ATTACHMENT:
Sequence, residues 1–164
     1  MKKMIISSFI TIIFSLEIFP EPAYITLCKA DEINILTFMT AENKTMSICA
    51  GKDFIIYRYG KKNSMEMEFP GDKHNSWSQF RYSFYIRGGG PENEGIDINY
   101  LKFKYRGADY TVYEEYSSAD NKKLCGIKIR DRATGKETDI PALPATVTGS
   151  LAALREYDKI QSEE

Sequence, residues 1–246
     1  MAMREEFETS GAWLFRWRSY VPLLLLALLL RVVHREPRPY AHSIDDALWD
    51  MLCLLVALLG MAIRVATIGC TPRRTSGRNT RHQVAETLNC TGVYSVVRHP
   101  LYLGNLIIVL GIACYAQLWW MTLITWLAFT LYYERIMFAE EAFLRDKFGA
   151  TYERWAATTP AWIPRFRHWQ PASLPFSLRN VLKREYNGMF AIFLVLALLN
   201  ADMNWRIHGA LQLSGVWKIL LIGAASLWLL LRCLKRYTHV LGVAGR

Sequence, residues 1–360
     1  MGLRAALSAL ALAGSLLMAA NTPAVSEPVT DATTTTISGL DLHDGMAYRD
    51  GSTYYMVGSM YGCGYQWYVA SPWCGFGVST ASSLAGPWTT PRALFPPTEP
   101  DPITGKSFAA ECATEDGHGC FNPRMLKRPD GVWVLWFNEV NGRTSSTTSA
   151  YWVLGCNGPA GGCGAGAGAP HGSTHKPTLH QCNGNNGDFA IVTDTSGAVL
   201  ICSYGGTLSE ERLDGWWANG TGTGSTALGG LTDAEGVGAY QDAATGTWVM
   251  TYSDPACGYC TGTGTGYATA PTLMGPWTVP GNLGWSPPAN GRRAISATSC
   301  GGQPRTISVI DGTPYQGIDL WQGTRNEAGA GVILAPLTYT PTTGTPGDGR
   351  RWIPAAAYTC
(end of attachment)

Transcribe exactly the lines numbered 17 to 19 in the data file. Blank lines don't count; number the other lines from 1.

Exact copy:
   201  ICSYGGTLSE ERLDGWWANG TGTGSTALGG LTDAEGVGAY QDAATGTWVM
   251  TYSDPACGYC TGTGTGYATA PTLMGPWTVP GNLGWSPPAN GRRAISATSC
   301  GGQPRTISVI DGTPYQGIDL WQGTRNEAGA GVILAPLTYT PTTGTPGDGR